KS: It's completely true. It's odd. I had a very odd experience too coming back from Fiji (where Anacondas was filmed) and doing the looping of the voices. And I had it again with The Grudge. When you see those images, and when you have to get back into that, it really does play with your psyche and your physical body in a way that is just bizarre, because I didn't realize what a state it puts you in when you cry, or when you allow your imagination to go through fear for like 12 hours a day. It really messes with you. So the moral of that story is go do a Farrelly brothers movie; there'll be no more of that (laughs). But it does. I completely relate to what she's saying, because, you know, while my lawyer was at the premiere he called me and said, "I'll have
you know I had nightmares, and couldn't go back to sleep for an hour and a half." I was very happy about that! If a grown man had the gumption to admit it, then that's fantastic (laughs). It means we did our job, because they don't get any tougher than him.
EZ: Do you think it gives the film a certain level of authenticity that the original writer/director Takashi Shimizu directed this film, because it is his baby, his vision so to speak?
KS: Absolutely. I can't imagine trying to make this film anyway other than the way we did it. I also think that it would not turn out to be the same picture. Really, down to the way you breathe he specifically dealt with us. He's so specific with movement, with all the textures that causes good horror films. The suspense, the anticipation, and he doesn't show you too much. I think that's the beauty of Japanese cinema. I think they are fantastically good. I mean you watch any of those films from over there and they're not "slasher". They're true horror. They're terror. They terrify you. And any more I think we've really lost sort of a sense of storytelling in the Western world when it comes to that. I mean you lose your story, you put in too much bad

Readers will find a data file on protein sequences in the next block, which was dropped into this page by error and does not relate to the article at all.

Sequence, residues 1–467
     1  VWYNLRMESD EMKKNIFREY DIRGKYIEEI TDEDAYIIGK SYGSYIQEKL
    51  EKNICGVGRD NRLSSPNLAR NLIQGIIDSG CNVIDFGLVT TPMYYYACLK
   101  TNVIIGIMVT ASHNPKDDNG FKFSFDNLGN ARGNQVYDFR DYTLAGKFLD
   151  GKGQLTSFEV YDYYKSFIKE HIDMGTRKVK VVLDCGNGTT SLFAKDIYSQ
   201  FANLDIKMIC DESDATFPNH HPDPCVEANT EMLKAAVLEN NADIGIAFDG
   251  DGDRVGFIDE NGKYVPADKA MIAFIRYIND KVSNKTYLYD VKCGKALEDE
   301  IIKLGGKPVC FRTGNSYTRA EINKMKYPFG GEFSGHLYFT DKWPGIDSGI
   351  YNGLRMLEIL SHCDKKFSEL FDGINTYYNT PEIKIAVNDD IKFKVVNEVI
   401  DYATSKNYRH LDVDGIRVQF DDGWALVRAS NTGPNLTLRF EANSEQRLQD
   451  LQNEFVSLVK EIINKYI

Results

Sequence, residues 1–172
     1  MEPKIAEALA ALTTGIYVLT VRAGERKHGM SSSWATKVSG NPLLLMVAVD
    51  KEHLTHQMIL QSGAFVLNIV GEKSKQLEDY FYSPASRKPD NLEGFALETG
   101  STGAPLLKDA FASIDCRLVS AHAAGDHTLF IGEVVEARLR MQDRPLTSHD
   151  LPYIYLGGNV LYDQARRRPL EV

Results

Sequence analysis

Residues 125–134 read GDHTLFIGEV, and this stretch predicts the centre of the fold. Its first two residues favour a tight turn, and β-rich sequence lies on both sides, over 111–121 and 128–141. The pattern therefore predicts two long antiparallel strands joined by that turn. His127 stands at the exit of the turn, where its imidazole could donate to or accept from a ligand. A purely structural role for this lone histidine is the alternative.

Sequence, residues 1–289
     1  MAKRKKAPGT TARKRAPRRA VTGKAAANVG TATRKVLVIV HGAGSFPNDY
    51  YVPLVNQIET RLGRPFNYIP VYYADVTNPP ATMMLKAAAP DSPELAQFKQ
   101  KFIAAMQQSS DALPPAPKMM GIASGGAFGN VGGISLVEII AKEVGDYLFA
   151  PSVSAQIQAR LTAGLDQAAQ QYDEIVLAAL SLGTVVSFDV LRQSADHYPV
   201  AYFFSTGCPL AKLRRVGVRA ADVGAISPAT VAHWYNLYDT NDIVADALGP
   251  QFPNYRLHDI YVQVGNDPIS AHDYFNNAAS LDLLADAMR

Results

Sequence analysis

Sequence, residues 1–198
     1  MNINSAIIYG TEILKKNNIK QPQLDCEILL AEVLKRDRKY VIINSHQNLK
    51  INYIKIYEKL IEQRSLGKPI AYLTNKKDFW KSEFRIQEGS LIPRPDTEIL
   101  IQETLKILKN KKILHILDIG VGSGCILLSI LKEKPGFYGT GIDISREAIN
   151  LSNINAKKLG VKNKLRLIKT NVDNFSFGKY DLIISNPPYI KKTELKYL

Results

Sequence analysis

dialogue, a lot of crying, and probably a pair of boobs and you have a horror film. There was none of that. In fact, one of the loveliest things he did when we were shooting - I wear this white, buttoned-down shirt, not revealing at all. I mean it's under a business suit. And he came to me and said, "Are you okay if we shoot above your head? We may see the top of your chest." Now in America it would be, "Let's open your shirt so we can see the top of your chest!" I mean that's what the scene would suddenly be about, would be the shot of my boobs. Do you know what I mean?
KS: I hate to be crass about it, but dare I say it's pretty true. But the whole thing with him is storytelling. He wants nothing to confuse the actual moments, and I love that.
EZ: Are you feeling culturally enhanced after having spent considerable amounts of time in Fiji and Japan this year?
KS: Absolutely. And I would go back, particularly to Japan. Japan spoke to me on such a deep level. I'll just start sounding like an idiot if I try to even talk about it. But it was a very profound experience for me being there, and I have to go back as soon as possible. I really loved it. Fiji as well. I mean when you come from a town with one traffic light, and you throw somebody in a completely different culture with a completely different language, you can do one of two things. You can really engross yourself in it, and drink it up, and enjoy it, or you can be terrified. And I'm the kind of gal, you know, New York feels like home for me. I love that, just as much as I love being on the farm. So I, yeah, just tasting life the way I got to in a year, and I'd never